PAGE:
Superintendent Barbara Lott told The News Herald that the district needs to make long-term structural changes in operations in view of declining revenue. Union officials did not return requests for comment, The News Herald reported.

The (Southgate) News Herald, "Woodhaven: Judge says school district can impose insurance cap on teachers," Feb. 9, 2010

Michigan Education Report, "Splitting the bill for health insurance," Aug. 19, 2009

Mackinac Center for Public Policy, Michigan School District Health Insurance, 2008-2009 (Database)


SAGINAW, Mich. - About 200 school administrators, board members and business representatives gathered for an Education Summit at Saginaw Valley State University recently, where guest panelists made recommendations ranging from reduced spending on school employee health care to a statewide tax on services to a rigorous overhaul of public education, according to Michigan Education Report.

Robert Daddow, deputy Oakland County executive, predicted that at least 60 more school districts will be in deficit by the end of the year, the report said, partly due to the decreasing taxable value of property.

Panelists cited health care and pensions cited as two areas where education costs could be reduced, along with consolidation of services, privatization and expanded online education and dual enrollment.

One panelist proposed that the state adopt a graduated income tax or, alternatively, raise the flat tax on income as a way to generate more revenue for education, Michigan Education Report said.

A representative of the Dow Corning Corp. said public education should adopt certain reform measures first, including performance pay for teachers, business management tools and early attention to learning problems.

Michigan Education Report and Michigan Education Digest are both published by the Mackinac Center for Public Policy.

Michigan Education Report, "Tax more? Spend less? Reform first?" Feb. 10, 2010

Mackinac Center for Public Policy, Michigan School Databases, "Michigan School District Revenue and Expenditure Reports."


PETOSKEY, Mich. - School districts in the Charlevoix-Emmet Intermediate School District are using federal grant funding to better identify and serve homeless students, according to the Petoskey News-Review.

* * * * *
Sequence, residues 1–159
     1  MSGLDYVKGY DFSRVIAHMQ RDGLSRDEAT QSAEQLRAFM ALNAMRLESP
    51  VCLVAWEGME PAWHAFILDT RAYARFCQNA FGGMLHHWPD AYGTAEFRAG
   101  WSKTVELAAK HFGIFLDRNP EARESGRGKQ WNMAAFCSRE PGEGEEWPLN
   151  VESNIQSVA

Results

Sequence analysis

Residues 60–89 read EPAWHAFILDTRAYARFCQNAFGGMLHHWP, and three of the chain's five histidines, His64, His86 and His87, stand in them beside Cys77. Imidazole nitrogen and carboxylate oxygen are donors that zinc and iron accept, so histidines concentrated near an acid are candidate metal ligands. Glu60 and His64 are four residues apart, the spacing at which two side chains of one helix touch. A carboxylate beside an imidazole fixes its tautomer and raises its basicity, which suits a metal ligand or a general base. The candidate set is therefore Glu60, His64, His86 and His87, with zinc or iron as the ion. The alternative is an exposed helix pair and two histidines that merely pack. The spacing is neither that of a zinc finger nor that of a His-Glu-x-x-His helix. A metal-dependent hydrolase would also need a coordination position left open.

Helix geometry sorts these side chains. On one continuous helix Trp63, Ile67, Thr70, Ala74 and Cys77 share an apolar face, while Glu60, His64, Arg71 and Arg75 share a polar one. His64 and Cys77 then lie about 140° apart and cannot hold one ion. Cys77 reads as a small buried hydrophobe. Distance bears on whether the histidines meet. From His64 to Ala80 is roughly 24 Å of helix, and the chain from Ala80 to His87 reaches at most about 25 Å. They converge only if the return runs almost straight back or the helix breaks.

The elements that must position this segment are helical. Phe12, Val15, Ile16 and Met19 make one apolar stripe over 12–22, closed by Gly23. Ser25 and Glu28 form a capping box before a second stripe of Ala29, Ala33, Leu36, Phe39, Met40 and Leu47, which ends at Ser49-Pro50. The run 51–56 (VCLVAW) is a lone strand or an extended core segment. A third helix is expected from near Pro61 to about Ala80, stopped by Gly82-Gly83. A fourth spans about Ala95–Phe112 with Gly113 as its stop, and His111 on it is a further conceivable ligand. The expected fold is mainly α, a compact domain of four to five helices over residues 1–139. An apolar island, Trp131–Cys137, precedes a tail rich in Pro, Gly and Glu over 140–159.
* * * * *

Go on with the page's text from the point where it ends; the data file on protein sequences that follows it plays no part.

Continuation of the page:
The News-Review reported that an additional 83 students in the intermediate district have been identified as "homeless" since implementation of training on how to identify such students as well as naming a staff person to serve as homeless "liaison" in each district.

Those liaisons can use grant funding to purchase such things as clothing, school supplies and tutoring for displaced students, the News-Review reported.

In Harbor Springs Public Schools, the district also received donations of jackets, ski pants and hats from members of the Christ Child Society of Northern Michigan to help students in need, according to the News-Review.

The funding is awarded through the McKinney-Vento Homeless Assistance Act, which guarantees homeless students' right to an education, the News-Review reported.

The article did not define "homeless," but information at the U.S. Department of Education Web site says the act covers "individuals who lack a fixed, regular, and adequate nighttime residence." That would include those living in such sites as campgrounds, hotels, cars or with other people due to economic hardship or lack of alternative housing.

Petoskey News-Review, "Child homelessness: A growing problem in Northern Michigan," Feb. 12, 2010

U.S. Department of Education, "Elementary and Secondary Education, Part C: Homeless Education."

Michigan Education Digest, "More kids homeless, schools say," Nov. 19, 2008

MICHIGAN EDUATION DIGEST is a service of Michigan Education Report (http://www.educationreport.org), an online newspaper published by the Mackinac Center for Public Policy (http://www.mackinac.org), a private, nonprofit, nonpartisan research and educational institute.

Contact Managing Editor Lorie Shane at